In almost every culture or spiritual tradition, we find a form of meditation. In every case, meditation is an essential tool for self-discovery, something vital to one’s understanding of the universe and our human place in the cosmos.
The precise meaning of the word ‘meditation’ is “deep thinking, serious thought or study, giving your attention to only one thing…”
The paths to truth are endless. However, whatever the tools or the teachings are, the truth is one. There are hundreds of techniques out there called “meditation” but what are the similarities and differences between them?
The oneness which encloses all beings in the universe, the consciousness of oneness in yoga, can only be embodied through meditation.
The Yoga path has eight distinct limbs which lead to this embodiment. The last four of them are related to meditation.
The fifth limb, Pratyahara means detaching & collecting your attention from external objects (distractions). The purpose of the sixth limb, Dharana, is to direct the attention on one single point – to focus.
Usually, whenever we say “Meditation” in daily language we usually mean the practices of Pratyahara & Dharana, a.k.a Mindfulness.
The mind is a scattered place. It is your mind’s nature to produce thoughts. So it’s constantly bringing up random inputs from your memory or subconscious. This is called the “default mode” of the brain. So if you think that you are too distracted, don’t worry. Buddhists call this “the monkey mind”. If you let that monkey take the wheel, it will whisk you around forever.
Accepting the nature of the mind – as it is – is the first step to self-transformation.
Without this acceptance, you will only create resistance by wanting it to be otherwise, constantly adding even more tension to your system which will only produce more thoughts.
Thoughts usually come from the survival instinct. The mind is shaped by evolutionary information, childhood conditioning, and collective consciousness. All of this information is written in our cells! If you live day by day following your thoughts and taking your monkey mind seriously, you will keep realizing old patterns and manifesting an older consciousness into your life.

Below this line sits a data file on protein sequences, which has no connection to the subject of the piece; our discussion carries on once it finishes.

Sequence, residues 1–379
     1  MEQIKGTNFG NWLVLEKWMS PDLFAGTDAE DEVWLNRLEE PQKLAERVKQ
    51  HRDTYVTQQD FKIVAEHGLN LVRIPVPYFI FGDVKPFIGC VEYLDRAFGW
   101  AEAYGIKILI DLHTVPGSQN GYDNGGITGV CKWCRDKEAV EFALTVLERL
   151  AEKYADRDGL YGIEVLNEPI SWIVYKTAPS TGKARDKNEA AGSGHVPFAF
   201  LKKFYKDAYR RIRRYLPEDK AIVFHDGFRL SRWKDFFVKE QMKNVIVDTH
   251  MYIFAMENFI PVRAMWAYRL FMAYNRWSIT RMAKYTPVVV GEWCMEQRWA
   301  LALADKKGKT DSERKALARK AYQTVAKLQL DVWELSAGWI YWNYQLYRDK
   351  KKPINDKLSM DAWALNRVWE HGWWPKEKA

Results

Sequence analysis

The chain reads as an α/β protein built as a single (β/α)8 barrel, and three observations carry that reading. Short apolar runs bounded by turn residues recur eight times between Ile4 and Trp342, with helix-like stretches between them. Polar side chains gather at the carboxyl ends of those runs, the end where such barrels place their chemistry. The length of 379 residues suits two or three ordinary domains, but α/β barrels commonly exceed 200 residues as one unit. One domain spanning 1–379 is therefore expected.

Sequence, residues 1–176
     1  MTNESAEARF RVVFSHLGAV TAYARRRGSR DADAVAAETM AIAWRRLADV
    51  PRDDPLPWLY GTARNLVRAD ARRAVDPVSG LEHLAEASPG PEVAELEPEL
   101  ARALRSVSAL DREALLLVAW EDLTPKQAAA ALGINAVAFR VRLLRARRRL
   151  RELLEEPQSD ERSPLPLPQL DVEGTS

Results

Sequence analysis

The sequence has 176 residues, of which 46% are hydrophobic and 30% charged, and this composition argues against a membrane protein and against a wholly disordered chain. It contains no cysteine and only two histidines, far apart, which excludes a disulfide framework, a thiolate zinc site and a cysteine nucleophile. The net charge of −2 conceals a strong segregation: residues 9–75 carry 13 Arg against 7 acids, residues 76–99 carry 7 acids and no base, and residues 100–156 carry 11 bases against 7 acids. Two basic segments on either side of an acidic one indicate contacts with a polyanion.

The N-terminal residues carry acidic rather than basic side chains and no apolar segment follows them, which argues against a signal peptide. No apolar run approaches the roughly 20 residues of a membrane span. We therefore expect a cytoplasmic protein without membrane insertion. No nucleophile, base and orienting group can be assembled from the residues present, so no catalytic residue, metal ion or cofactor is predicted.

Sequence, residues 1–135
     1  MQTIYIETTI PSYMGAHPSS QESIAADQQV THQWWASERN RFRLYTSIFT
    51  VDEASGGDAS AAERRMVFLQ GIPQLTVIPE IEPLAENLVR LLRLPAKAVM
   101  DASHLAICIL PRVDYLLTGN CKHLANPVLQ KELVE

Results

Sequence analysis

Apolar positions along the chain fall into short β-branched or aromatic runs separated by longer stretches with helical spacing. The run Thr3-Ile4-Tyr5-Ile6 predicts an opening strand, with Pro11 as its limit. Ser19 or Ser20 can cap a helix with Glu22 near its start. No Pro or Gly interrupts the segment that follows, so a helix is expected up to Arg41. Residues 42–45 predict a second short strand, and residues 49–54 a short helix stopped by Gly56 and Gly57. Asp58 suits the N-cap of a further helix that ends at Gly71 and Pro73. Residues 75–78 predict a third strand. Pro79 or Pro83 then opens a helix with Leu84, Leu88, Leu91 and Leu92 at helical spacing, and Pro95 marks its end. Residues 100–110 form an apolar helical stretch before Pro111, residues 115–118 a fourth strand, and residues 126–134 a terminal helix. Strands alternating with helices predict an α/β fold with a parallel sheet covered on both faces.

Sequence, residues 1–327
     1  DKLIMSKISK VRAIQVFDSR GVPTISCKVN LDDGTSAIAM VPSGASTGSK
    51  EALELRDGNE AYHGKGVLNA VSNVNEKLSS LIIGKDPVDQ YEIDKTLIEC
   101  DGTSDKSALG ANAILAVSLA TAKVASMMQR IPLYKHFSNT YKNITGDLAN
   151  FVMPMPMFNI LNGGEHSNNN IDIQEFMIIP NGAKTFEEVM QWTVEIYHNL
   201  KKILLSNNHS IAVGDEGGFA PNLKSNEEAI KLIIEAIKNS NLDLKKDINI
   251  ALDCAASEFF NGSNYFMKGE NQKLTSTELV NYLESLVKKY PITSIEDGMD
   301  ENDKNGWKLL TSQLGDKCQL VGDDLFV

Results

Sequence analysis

There is another path to choose everyday, one with the power to give birth to a new pattern and a new reality: the path of not following your thoughts!
The human body is one of the more adaptive systems present on this Earth. Your body’s chemistry is shaped through habits. Mindfulness practices build new neural pathways. So, when you use the mind instead of the mind using you, you start to discover and meet the creator within you. If you break the habit of being ruled by the monkey mind, you start to create your own reality.
To do this, you will need to give the monkey mind a toy to play with, so it can sit still. This is usually done by focusing on your breath, a sound, an object, or your own body. Whenever you realize that your thoughts are wandering, bring your attention to the object of focus. Do this again and again. Observation of one’s breath, as well as counting practices, are fundamental meditation techniques, because they help achieve this focus.
Once all your attention is directed internally and focused on a single object, the next task is to keep that focus constant.
That is the seventh limb of yoga: Dhyana. The goal of this effort is to remain present uninterruptedly in a state of mind-less-ness, emptiness, and timelessness; a state which also encloses everything in a continuous flow of cognition.
We mention effort, but it should actually be effortless. It is our natural state to be connected to the consciousness of everything. We just forgot how to exist there, and we are now on the journey of remembering this natural state. This remembering is the actual “meditation”.
The last limb, Samadhi, is oneness with everything. It means transcending the Self and existing in a state of total bliss, a state known as “Nirvana” or the “Moksha”. It is difficult to speculate or describe anything about Samadhi. Words are not sufficient, and it’s not something you practice. Samadhi is rather the result of everything which you practiced before. It’s an experience.
We don’t need to know what the ultimate (enlightenment) feels like to start working on ourselves everyday, using simple practices to train the mind.
Thanks to science and ancient knowledge we know that increased awareness connects us all. It makes us more empathetic and collaborative.
Meditation reinforces the parts of the brain which support communication, social connection and love. We practice yoga to experience union – oneness. If these changes in the brain – the fruit of meditation – aren’t examples of “becoming and creating as one,” what else could they be?